The process improvement team then observed the handling of PCA units when the patient no longer needed them. Most soiled PCA units were moved to a storage closet to be picked up later and cleaned. The observed method was not the approved procedure, and real procedure not enforced. These observations allowed the team to make estimates of how long a pump would stay in storage before cleaning. The Hospital’s system also contained the PCA cleaning times.
A Simple Model
The process simulation used to depict the system was simple to build. Creating the model, formatting the data, and entering the information took less than an hour. This model development time included creating charts and graphs that illustrate the problem. Below is the model:
The model does not include detail for the wasting of medications, dual sign-off, etc. But it didn’t need all the detail, because it is the same in both the As-Is and To-Be. The amount of time used in the “other details” was very small in comparison to the usage and cleaning times. Removing less significant details reduces data collection, simplifies modeling and shortens project time.
The model allowed the reporting of the predicted PCA pumps needed by an hour of day and day of the week. The delays caused by the handing of the pumps after usage helped to identify the disparity between the inventory and the actual quantity needed. The graph below shows one week of demand vs. inventory. Multiple replication analysis with reports collected every hour provides a method of providing upper limit needs by day of week and hour of the day.
The team reviewed the existing procedure and identified additional possible solutions that might provide savings. The main issue was storage of soiled pumps in a multitude of locations. The mismanagement of pumps showed that on average pumps would return to service after more than 12 hours (some requiring much, much longer) had elapsed. One simple solution emerged — “If you are working with a patient when a pump is no longer needed, return the pump to a central cleaning area within 10 minutes.” This solution met with initial resistance until the nurses realized they are currently spending more time finding verses returning PCAs to a central location.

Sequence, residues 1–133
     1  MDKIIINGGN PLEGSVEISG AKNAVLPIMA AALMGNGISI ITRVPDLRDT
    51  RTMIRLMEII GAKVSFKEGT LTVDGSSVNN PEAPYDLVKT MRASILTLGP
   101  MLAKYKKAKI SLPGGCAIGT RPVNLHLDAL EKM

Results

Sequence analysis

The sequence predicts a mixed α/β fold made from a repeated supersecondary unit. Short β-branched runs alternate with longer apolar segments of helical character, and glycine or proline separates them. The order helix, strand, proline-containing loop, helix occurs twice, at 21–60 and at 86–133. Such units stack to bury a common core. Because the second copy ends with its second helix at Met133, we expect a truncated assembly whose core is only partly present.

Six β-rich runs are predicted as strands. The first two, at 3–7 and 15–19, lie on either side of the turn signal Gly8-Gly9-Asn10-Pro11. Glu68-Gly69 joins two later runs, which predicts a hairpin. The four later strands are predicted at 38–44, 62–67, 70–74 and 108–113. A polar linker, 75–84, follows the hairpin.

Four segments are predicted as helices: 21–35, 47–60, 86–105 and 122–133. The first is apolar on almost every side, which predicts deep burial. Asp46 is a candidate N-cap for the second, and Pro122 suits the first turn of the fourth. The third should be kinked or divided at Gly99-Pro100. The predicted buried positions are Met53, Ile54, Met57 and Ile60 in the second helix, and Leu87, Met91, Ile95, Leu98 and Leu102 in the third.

The new model provided a method of evaluating the simple scenario. The model showed the immediate return of the units would provide for a significant drop in the required inventory and reduced capital requests by more than $200,000. Some might label this projects as “common sense,” but that’s how all successful projects should look when completed. You know you have done a good job when you make the solutions look simple. The previous reality was that no one was able to answer the questions “what is the inventory of pumps needed based on demand, recovery, and cleaning.” The simulation answered those questions and provided a lower limit of PCA pumps, that if crossed, would start to cause waiting for PCA units. Furthermore, the simulation acted as a training tool to help staff understand the result of not returning pumps per the procedure.
Process improvement doesn’t always have to be long projects with huge budgets or projects that can only be tested by trial and error. This project brought the best of a Kaizen Blitz with detailed statistical analysis to provide patient care improvements, budget reductions, and job satisfaction increases for The Hospital’s staff.